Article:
Sister Lelia Cleary thanks all who helped her raise funds for: A Tractor for Loolera.
Sitting in the plane before it took off from Kilimanjaro International Airport, Sister Lelia smiled to herself. She was thinking about Sikorei’s request as he bade her farewell before she set off on home leave. There was very little hope she would be able to accomplish what he had asked, “Please Sister, see if you can bring us back a tractor.”
Two hundred miles to the south of Kilimanjaro, in the Maasai village of Loolera, Sikorei and the rest of the health-care team went about their daily rounds. They had seen a lot of drought. They had built a grain store to protect the people from ever again experiencing the hunger of a famine year. The tractor they once hired from the Diocesan Development Office in Arusha had been a great help in filling the grain store, but it was more than ten hours’ drive by lorry to Arusha. You couldn’t get that tractor very often! Nonetheless, it gave Sikorei ideas about how much they could achieve if only they had a tractor of their own in the diocesan integrated health-care project in South Maasailand.
Sikorei’s words never let Sister Lelia rest.
“I said I would try but, deep in my heart I thought there was little hope of accomplishing this. Soon after arriving in Drogheda I went to visit friends with four children living in Julianstown. During the course of the conversation I asked them had they any idea how much a tractor would cost. “Oh,” they said, “probably between 18,000 and 24,000 Euro for a tractor and plough.
My heart sank. How could anyone hope to find this much money? My friends said immediately that they would like to help. The father said he was expecting a bonus at work and he would give a thousand Euro. I was speechless – these two hard working people educating their children. I thanked them for their great generosity.
Then I went home to Clare. I was telling my sisters and brothers the whole story. They were most interested. One of my sisters suggested having a whist-drive. She and friends and neighbours got many cards printed for it. Young and old bought cards to support the tractor project. It was a huge success! My family and friends gave generously. My brother put an advertizement in the local paper and this brought in a lot of donations. The Apostolic Workers gave a large donation. I wrote to my Californian friend – an old mission helper who had travelled with me to my first mission in Tanzania over 40 years ago. She had worked with us in Tanzania for several years, and now, once again, worked tirelessly collecting dollars. The money started pouring into the ‘Tractor Fund’ for Loolera.
While at home I visited a dear friend in Kerry whose sister, a Sister of Mercy working in England, was also at home on leave. I told this sister about our project and, laughingly said ,”If you meet any rich man in England tell him about our need of a tractor for Maasailand.”
She went back to England in due course. A few months after my return to Loolera I received a letter from her. She told me that she had contacted two tractor firms and both were most interested in our cause! The first had no back-up for repairs, etc. in Africa but promised to send money to our fund in Dublin. The other firm, Massey Ferguson, said they did have a company in Dar-es-Salaam: Diamond Motors Ltd. The man in charge at Massey Ferguson, Mr. Adrian Short, said he would contact their company in Tanzania. He wanted very much to help our project, and knowing the amount of money collected, said that they would donate the balance for the tractor and the plough and also transport of the new tractor by lorry from Dar-es-Salaam to Loolera, a distance of more than 500 kms.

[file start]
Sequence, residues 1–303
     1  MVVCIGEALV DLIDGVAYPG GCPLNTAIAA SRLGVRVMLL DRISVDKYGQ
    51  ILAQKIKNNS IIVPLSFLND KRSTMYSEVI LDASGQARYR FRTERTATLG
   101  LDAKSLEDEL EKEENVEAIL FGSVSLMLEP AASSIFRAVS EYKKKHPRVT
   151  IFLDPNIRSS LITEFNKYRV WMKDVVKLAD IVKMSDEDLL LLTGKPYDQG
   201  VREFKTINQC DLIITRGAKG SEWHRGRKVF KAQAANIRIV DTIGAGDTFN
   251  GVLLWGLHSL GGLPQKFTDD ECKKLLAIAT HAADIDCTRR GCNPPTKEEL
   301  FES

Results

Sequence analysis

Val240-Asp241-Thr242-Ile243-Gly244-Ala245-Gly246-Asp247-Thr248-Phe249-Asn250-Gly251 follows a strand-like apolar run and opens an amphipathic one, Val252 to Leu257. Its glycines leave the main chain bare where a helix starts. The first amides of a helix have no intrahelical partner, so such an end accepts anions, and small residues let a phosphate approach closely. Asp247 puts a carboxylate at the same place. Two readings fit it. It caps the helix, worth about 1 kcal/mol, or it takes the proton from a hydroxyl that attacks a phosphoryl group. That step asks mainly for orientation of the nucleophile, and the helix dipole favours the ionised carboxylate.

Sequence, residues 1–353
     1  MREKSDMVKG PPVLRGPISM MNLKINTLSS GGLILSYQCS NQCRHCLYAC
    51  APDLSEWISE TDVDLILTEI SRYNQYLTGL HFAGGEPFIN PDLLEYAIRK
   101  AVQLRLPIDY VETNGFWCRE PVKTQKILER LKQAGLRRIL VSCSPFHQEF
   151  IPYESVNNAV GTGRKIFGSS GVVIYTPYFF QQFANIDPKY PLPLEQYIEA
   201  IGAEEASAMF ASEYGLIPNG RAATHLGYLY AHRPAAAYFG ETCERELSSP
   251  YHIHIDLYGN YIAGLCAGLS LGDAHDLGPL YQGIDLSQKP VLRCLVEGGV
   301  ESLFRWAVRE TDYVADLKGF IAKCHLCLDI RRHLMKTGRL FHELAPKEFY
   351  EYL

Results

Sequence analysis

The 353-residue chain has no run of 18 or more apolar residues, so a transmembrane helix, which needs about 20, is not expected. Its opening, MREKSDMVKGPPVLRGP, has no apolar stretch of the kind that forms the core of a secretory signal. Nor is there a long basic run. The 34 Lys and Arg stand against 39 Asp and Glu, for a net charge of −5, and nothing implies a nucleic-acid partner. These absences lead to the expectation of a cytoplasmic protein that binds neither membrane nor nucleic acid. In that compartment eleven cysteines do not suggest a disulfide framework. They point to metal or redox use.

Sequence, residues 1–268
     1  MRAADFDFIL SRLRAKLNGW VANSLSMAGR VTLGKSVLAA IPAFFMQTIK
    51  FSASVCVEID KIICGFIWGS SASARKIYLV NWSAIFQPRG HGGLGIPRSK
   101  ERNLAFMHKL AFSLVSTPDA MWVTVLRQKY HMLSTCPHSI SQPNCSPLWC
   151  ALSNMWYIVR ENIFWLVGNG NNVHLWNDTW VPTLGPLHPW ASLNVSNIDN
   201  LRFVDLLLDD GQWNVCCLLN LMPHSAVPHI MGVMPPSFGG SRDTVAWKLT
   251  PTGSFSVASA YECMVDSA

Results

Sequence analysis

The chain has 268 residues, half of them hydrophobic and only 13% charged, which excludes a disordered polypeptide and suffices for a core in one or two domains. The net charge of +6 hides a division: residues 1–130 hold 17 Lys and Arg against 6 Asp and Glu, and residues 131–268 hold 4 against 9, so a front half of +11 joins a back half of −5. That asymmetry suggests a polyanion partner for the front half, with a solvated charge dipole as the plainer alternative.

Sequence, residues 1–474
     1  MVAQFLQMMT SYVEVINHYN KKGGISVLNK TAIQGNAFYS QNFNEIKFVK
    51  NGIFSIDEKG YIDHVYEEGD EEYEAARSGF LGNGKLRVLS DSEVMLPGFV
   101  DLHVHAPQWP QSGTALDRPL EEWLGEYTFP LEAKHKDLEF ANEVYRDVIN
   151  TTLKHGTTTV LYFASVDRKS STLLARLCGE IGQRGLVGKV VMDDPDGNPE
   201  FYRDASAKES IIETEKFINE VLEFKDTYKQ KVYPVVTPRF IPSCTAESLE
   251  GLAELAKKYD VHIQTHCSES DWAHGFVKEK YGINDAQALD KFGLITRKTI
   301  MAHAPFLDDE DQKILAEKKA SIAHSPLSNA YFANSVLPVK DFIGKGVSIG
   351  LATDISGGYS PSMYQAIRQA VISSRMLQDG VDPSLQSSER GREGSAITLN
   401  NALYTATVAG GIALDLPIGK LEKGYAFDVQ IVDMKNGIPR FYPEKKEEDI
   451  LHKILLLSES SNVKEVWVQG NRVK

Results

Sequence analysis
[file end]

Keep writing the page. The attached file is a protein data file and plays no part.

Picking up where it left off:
On January 11, 1996 the lorry bearing the tractor and plough arrived in Loolera. Excitement was high and there was much rejoicing when it arrived. The people came in great numbers to look at it and admire it and tell us how many acres that they had cleared of tree trunks in readiness for ploughing. The parish priest of our neighbouring parish sent his senior tractor mechanic who has used Massey Ferguson tractors for years to supervise and train our own mechanic.
The tractor is a huge gift and a great help for the Maasai people, who only recently have been getting used to cultivating. Traditionally the Maasai are pastoralists, but due to changing conditions have had to take up agriculture. Many acres have been ploughed and the people are very happy to have such a machine in our remote bushland. Because of having a tractor we have now been granted a ten-acre field. Since the arrival of the tractor our families and friends have continued to take a great interest in it. They have also continued to send donations and we have been able to buy a trailer. This trailer was made out of bits and pieces, an old chassis and various important components. It was then painted Massey Ferguson-red to match the tractor.
The trailer has been a great addition. It has been used to harvest, but sadly, not a lot because the rains failed last year. However, there is quite a lot of building going on at present so the trailer is hired out to carry sand from the dry river bed, which is twenty-four kms away, and stones from the mountain behind us. Our own water supply here in Loolera would not allow for the filling of a water tanker. So the trailer is taken to a neighbouring village, six kms away, to collect water for the buildings.
So may God bless and reward all these wonderful people who have helped us in any way to get the tractor and trailer.
MMM handed over our programmes in Loolera in 2003.